- This contribution must be made without undermining the other objectives mentioned above. An economic activity aligned with the taxonomy will also have to comply with qualitative and quantitative criteria specific to each objective (methodologies and thresholds).To date, two delegated acts have been finalised detailing the criteria for activities with a substantial contribution to climate (mitigation and adaptation) as well as the criteria for nuclear and natural gas activities. A public consultation is open until the beginning of May 2023 to define the criteria for activities that have a substantial contribution on water, pollution, circular economy and biodiversity.
- For an activity to be considered green, it will also be necessary that it respects labour and social rights.
- Finally, the data is consolidated. If criteria 2), 3) and 4) are validated, the activity or investment in question is qualified as sustainable in the context of non-financial reporting.
Example benefits of the EU taxonomy
Thanks to the taxonomy, an investor (asset owner or asset manager) will now be able to determine exactly what is the green share of their portfolio (the share of the turnover of the underlying assets that contributes to the transition). They will be able to easily compare the contribution of their different investment portfolios to the low-carbon and resilient transition.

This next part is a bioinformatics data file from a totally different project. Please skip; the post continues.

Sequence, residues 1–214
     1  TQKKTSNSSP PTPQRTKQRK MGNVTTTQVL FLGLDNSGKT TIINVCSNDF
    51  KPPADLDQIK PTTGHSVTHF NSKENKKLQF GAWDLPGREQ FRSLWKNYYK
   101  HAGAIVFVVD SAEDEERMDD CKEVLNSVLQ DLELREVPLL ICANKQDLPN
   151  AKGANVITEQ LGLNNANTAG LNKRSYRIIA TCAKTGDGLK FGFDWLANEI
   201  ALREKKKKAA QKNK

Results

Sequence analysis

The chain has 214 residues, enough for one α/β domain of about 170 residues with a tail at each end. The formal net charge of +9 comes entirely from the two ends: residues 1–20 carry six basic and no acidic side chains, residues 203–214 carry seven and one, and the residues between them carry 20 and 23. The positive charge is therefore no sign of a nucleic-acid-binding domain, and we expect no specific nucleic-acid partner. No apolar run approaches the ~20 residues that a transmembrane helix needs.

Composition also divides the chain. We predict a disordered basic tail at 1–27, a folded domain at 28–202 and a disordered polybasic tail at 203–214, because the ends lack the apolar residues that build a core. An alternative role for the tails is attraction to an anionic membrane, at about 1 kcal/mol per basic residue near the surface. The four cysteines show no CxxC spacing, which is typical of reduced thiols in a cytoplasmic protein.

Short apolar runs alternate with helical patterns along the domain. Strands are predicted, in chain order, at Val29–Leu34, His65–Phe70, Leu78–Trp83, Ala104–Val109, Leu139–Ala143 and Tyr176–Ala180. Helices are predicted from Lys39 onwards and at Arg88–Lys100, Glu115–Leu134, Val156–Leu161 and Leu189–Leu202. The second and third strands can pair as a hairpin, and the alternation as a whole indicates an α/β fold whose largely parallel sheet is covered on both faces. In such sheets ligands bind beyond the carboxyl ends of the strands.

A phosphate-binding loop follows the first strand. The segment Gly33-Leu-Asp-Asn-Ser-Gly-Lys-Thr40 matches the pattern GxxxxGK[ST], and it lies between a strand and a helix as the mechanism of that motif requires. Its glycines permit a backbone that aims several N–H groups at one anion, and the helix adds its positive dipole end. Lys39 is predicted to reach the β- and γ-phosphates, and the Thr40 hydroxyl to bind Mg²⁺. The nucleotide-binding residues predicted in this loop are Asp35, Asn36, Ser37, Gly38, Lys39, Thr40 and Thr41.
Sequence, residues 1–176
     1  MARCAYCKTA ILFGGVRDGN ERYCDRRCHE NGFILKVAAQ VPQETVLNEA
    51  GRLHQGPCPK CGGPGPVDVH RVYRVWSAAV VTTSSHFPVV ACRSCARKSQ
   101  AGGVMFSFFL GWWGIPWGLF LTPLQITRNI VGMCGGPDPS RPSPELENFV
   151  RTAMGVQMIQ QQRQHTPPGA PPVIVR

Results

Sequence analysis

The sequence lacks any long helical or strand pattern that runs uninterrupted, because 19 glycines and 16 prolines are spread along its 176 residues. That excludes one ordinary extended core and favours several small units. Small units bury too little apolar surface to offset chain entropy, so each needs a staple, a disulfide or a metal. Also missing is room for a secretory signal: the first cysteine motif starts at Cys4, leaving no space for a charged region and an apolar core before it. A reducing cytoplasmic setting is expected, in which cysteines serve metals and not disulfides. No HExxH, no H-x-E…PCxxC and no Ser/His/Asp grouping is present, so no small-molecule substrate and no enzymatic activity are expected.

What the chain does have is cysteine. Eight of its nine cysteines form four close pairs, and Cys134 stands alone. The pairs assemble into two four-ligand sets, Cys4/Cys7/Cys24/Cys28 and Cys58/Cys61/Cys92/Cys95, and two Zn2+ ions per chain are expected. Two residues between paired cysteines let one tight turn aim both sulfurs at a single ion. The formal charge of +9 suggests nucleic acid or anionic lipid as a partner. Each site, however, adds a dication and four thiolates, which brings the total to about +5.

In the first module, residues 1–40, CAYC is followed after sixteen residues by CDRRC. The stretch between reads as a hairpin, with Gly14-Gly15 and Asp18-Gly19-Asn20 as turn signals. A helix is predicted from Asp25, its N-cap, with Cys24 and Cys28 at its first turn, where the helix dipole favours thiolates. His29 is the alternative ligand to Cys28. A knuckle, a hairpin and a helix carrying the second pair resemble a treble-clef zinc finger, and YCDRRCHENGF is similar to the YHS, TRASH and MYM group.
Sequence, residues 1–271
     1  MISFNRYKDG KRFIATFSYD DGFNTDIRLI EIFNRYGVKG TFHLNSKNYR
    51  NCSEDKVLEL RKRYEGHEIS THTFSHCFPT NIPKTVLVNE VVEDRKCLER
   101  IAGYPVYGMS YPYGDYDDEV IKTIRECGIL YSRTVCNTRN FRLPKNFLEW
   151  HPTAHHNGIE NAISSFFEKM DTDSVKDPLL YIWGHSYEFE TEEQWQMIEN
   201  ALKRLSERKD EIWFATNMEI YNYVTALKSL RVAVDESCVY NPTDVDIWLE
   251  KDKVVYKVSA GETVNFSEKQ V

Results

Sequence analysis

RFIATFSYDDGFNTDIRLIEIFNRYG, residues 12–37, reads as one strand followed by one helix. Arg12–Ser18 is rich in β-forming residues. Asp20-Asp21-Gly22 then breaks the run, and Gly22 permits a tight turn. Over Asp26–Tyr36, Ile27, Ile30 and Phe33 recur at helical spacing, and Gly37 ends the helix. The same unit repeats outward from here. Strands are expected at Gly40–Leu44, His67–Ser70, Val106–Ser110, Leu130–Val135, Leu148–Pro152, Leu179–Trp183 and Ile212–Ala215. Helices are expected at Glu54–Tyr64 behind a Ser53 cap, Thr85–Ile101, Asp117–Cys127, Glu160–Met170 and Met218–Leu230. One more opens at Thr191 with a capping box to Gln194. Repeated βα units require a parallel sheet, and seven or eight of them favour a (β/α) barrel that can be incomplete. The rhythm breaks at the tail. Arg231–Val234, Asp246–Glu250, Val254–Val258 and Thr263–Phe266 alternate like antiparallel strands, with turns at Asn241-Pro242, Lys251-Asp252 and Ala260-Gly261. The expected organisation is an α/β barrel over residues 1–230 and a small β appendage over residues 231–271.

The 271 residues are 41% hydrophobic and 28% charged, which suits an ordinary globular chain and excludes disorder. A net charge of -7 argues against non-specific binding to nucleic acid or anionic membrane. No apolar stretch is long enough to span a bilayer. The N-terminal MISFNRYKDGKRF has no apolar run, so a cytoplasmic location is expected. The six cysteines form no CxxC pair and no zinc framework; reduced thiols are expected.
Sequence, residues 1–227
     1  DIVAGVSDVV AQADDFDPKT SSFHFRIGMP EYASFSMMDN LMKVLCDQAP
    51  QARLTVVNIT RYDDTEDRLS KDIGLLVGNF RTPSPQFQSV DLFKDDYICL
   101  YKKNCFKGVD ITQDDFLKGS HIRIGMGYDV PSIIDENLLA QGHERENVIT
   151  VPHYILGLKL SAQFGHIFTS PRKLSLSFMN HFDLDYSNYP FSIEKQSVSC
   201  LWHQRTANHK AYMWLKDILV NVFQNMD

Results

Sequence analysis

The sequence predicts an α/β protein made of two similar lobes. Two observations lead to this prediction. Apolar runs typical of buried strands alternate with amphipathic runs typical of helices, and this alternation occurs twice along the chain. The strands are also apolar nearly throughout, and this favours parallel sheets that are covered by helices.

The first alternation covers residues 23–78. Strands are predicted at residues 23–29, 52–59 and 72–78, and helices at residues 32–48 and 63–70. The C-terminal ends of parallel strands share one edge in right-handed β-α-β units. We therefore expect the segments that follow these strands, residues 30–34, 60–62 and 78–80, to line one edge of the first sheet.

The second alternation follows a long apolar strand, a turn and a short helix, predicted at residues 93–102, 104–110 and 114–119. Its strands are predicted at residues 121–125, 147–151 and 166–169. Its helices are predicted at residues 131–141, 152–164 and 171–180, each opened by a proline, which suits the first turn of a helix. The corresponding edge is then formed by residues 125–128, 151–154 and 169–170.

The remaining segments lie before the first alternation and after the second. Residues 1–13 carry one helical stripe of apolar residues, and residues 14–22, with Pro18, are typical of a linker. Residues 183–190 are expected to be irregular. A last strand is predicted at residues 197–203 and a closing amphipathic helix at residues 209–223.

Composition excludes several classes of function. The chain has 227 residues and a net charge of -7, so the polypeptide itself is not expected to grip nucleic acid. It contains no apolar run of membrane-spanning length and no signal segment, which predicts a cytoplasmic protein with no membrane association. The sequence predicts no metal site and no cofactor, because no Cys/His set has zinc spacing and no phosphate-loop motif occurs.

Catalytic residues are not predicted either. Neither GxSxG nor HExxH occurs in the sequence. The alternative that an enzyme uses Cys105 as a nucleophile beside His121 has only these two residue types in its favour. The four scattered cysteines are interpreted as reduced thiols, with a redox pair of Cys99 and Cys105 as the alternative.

Another example, in the electricity and cement production sectors, eligibility thresholds will be defined as follows:
What are the benefits of aligning to the EU taxonomy?
The taxonomy has many advantages for organisations, investors and for our global society:
|Easier to demonstrate your contribution to the low-carbon and resilient transition
Plan and raise funds by developing green investments
Avoid involuntary greenwashing
|Provide a robust classification system for investment
Have a better understanding of risk and opportunities regarding your investment portfolio
Avoid reputation risks related to activities that undermine environmental objectives
Express expectations for investment decisions
Translate the Paris Agreement commitments and the Sustainable Development Goals by identifying activities that can be considered green
Provide a common language to all economic actors
Ensure financial flows towards sustainable activities even if it is not currently mandatory to invest in activities eligible for the taxonomy
What’s next for the EU taxonomy?
- Q4 2022 – Q1 2023: publication of the four remaining delegated acts on the alignment of other environmental criteria (pollution, water, circular economy and biodiversity)
- From 2023: application of the texts concerning the other environmental objectives (pollution, water, circular economy and biodiversity); taxonomy alignment reporting obligation for large companies
- From January 2024: taxonomy alignment reporting obligation for financial institutions
- Froom 2025: progressive taxonomy scope extension due to the implementation of the CSRD to 50,000 companies
The taxonomy will be reviewed every three years to best respond to technological and scientific evolutions as well as new activities.
The EU taxonomy is one of the most significant major advances in the field of sustainable finance and will undoubtedly serve as an international reference.
To find out more about the different reporting frameworks you can align yourself with, check out our e-Book which outlines the main frameworks.